chemistry, engineering, and technology students. The process could be studied as a simple logistics
problem for entrepreneurship and small business classes, possibly with the economics of the
production used as a case study.

2) Environment: Approximately 5,000 gallons of petrodiesel could be displaced by biodiesel derived

from WVO, with possibilities of expanding this volume to 6,360 gallons in the future. Biodiesel
has environmental benefits, especially when considered on a life cycle basis.

3) Awareness: Putting the biodiesel processor on TTU's campus is a way to start showing the local,
national, and international community how TTU is starting to "walk the talk" in making its campus more
4) Economics: Again, at this point student labor will be voluntary. However, the cost estimate to
produce the biodiesel including student labor is estimated at $1.33/gallon while the petro-diesel
currently costs approximately $3.95/gallon at the pump, a difference of about $2.62/gallon. This
price is on the rise and it is expected to reach about $5.00 this summer.


The ultimate goal of this project is to design, manufacture and test a continuous flow
biodiesel processor. Therefore, this project is divided into two phases:

1) In the first phase, the students are required to design, manufacture and test an automated
continuous flow system that will limit the operator interaction to deposit waste vegetable
oil into the processor. The system should automatically take care of moving fluids
throughout the system, all chemical reactions, draining of waste glycerol byproduct, and upon
completion of a full cycle the system should present the operator with finished
biodiesel that meets ASTM standards. This system will make it easy to produce
sufficient amounts of biodiesel which can be used to fuel more diesel engines. The
specifications set for the current project’s processor are as follows: 1) Process given amount
of waste vegetable oil into quality biodiesel (ph between 7 and 7.25), 2) Minimal operator
input, 3) Minimal long term maintenance cost, 4) System must be expandable to
accommodate changes in operators needs, and 5) Plug into a standard 115 V electric
outlet. This phase is completed and the results are presented in this conference.

2) In the second phase of this project, the students will further develop the current system
by using a novel continuous biodiesel processing technology. This technology creates a new
quantum mechanical effect by drastically increasing the surface area-to-volume ratios. The
violent reaction in the flow cell creates nano-sized bubbles that vastly increase surface area
on which reaction can take place. This technology can reduce the processing time from 1-4
hours needed in batch processing to less than 30 seconds. Also, it reduces separation time
from 10 hours, down to 1 hour. The ultimate goal of this project is to significantly increase
the production capacity and product quality while reducing cost. This phase is in progress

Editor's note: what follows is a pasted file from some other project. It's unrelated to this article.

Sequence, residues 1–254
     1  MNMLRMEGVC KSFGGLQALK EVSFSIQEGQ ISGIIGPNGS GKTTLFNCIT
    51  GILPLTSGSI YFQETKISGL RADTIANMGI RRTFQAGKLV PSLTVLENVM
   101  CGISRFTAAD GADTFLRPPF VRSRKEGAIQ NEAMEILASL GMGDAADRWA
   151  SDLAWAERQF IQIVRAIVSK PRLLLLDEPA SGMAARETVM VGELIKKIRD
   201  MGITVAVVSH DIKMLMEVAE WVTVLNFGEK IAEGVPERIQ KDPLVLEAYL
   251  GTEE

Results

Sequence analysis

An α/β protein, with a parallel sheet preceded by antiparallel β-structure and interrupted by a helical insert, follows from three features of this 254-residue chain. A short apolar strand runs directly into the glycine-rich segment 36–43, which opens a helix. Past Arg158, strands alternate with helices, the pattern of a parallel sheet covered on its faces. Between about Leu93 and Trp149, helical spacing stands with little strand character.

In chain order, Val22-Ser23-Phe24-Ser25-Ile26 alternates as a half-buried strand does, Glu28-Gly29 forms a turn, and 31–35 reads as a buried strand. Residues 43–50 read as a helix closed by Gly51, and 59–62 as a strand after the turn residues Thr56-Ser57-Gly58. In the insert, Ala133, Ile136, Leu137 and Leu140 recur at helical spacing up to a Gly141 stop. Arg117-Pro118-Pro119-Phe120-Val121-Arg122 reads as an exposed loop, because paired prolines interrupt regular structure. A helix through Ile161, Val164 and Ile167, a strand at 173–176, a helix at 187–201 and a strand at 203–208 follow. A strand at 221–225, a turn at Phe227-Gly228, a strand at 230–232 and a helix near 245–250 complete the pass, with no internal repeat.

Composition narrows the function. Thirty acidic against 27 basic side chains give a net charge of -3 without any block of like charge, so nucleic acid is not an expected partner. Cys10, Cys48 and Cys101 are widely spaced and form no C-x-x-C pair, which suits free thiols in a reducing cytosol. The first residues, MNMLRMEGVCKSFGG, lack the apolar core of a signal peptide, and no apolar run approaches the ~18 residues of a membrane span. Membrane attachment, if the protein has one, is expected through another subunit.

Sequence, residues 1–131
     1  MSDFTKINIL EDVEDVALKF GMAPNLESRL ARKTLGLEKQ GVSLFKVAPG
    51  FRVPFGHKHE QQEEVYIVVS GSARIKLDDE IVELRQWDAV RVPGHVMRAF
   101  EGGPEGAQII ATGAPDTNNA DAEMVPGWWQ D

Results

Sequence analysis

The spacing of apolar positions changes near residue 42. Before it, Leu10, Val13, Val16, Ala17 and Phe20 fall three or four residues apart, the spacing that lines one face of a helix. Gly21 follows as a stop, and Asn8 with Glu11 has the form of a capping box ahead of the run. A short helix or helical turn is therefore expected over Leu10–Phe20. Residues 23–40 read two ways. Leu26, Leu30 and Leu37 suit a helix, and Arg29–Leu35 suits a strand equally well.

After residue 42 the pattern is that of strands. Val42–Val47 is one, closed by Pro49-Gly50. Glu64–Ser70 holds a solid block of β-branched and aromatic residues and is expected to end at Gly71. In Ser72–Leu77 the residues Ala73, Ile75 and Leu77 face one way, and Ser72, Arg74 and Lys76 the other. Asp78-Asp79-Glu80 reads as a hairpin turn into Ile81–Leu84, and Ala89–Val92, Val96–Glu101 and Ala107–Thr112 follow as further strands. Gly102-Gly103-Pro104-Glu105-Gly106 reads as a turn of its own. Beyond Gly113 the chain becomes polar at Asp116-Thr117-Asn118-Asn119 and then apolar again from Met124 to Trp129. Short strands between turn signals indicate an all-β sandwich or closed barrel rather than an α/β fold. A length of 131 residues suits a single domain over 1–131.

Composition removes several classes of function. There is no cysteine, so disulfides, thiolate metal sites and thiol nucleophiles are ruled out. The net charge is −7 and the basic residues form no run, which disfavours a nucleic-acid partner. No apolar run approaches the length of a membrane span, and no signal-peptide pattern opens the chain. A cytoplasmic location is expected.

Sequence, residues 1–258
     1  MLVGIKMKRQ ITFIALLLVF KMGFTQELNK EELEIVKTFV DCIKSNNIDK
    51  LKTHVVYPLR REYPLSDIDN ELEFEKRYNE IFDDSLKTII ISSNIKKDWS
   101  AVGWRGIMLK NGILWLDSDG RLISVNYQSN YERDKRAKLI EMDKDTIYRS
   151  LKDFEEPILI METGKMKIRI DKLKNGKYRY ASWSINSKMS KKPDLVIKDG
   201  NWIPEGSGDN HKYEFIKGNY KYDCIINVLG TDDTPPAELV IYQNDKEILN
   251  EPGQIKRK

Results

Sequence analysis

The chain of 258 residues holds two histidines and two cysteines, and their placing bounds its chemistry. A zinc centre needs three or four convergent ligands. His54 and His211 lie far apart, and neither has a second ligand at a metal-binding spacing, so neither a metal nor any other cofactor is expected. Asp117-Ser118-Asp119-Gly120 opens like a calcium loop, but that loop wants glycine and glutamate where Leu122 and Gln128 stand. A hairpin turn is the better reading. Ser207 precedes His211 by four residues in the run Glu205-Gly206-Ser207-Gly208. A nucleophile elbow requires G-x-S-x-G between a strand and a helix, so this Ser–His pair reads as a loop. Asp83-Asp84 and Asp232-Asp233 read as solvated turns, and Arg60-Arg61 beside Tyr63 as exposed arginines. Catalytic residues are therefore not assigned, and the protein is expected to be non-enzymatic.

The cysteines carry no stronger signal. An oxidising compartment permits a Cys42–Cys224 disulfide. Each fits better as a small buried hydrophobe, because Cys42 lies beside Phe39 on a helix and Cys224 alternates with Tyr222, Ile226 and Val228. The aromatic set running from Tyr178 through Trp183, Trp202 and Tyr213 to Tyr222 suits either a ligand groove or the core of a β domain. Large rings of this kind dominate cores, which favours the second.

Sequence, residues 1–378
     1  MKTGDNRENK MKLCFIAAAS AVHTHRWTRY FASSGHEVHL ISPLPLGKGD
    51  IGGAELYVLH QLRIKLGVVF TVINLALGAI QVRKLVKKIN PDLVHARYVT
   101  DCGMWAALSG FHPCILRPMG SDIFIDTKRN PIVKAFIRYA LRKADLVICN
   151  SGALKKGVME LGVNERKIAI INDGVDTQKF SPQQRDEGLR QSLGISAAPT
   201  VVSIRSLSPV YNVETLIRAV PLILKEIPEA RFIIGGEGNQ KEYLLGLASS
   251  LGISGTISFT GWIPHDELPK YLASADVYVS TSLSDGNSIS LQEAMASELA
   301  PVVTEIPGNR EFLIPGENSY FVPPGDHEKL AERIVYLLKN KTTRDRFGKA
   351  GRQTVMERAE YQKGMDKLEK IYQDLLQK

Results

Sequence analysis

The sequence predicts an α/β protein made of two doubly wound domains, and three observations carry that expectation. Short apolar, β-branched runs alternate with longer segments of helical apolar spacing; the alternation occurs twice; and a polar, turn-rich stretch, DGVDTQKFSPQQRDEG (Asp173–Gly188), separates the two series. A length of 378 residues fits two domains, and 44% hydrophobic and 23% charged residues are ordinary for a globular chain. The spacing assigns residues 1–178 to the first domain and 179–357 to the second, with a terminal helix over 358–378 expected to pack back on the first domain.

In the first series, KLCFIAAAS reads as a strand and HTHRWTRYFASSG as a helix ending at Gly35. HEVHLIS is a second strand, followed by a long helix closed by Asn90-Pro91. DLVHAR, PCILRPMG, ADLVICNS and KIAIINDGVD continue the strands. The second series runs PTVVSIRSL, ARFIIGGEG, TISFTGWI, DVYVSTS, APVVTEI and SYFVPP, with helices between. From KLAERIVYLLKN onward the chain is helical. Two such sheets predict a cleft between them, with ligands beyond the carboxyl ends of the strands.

and the results will be presented in a future conference.
Biodiesel Chemistry

Biodiesel is an alternative fuel derived from a renewable domestic resource. It has several
advantages such as: 1) being biodegradable, 2) being non-toxic, 3) having low emissions of
carbon monoxide, 4) having a relatively high flash point (150° C), which makes it less volatile
and safer to transport handle than petro-diesel, and 5) it has a good lubricating properties that can
reduce engine wear and extend engine life. The transesterification is the most common way
to produce biodiesel. It is a catalyzed chemical reaction involving vegetable oil and an
alcohol to yield fatty acid alkyl esters (i.e., biodiesel) and glycerol (Fig. 1).

Fig. 1 - A schematic representation of the transesterification of triglycerides (vegetable

oil) with methanol to produce fatty acid methyl esters (biodiesel) (6)
The Triglycerides are the main component of vegetable oil. It consists of three long
chain fatty acids esterified to a glycerol backbone. When the triglycerides react with
alcohol (methanol or ethanol), the three fatty acid chains are released from the glycerol
skeleton and combine with the alcohol to produce fatty acid methyl esters (biodiesel) and
glycerol as the by-product. R1, R2, and R3 represent Alkyl groups present in the WVO. The
catalyst is NaOH (lye). In general, a large excess of methanol is used to shift the
equilibrium far to the right (Fig.1).

The biodiesel making process is based upon a chemical reaction. A lipid transesterification
process is used to convert waste vegetable oil (WVO) to a series of Fatty Acid Methyl Esters
using sodium hydroxide (lye) as a catalyst and methanol (99% + purity) as the primary reactant.
In this work, methanol was used because it is less expensive than other higher molecular weight
alcohols (such as ethanol), and the reaction is of higher quality. The major drawback of using a
lower weight alcohol like methanol is the cold filter plugging point is higher (meaning fuel
gelling can occur at warmer temperatures), however in the southeast USA region this is not a
major issue. Excess free fatty acids that are in the oil are converted to glycerin, and after the
biodiesel is allowed to settle the glycerin can be drained off. In essence the goal of the reaction
is to replace the glycerin molecule in the WVO with an alcohol molecule.

Automated Biodiesel Processor Description

1- Elimination of the Titration Process
In order to fully automate the process, the first step is the elimination of the titration process
which is needed before Transesterification. This is because each batch of oil has a slightly
different composition. The titration process consists of take a small sample of WVO, and mixing
it with lye, water and alcohol in order to determine the pH level of a sample from each batch of
oil and determining the correct lye to methanol ratio that is required for a particular batch. The
process itself is not that difficult, but it does require careful measurement and operator
knowledge of the process.
To eliminate this procedure, a certain volume of WVO, a given volume of CH_3OH
(methanol) and a given weight of NaOH (lye) are combined to produce sodium methoxide
which will be used for the transesterification reaction. To obtain the needed amounts, a 25%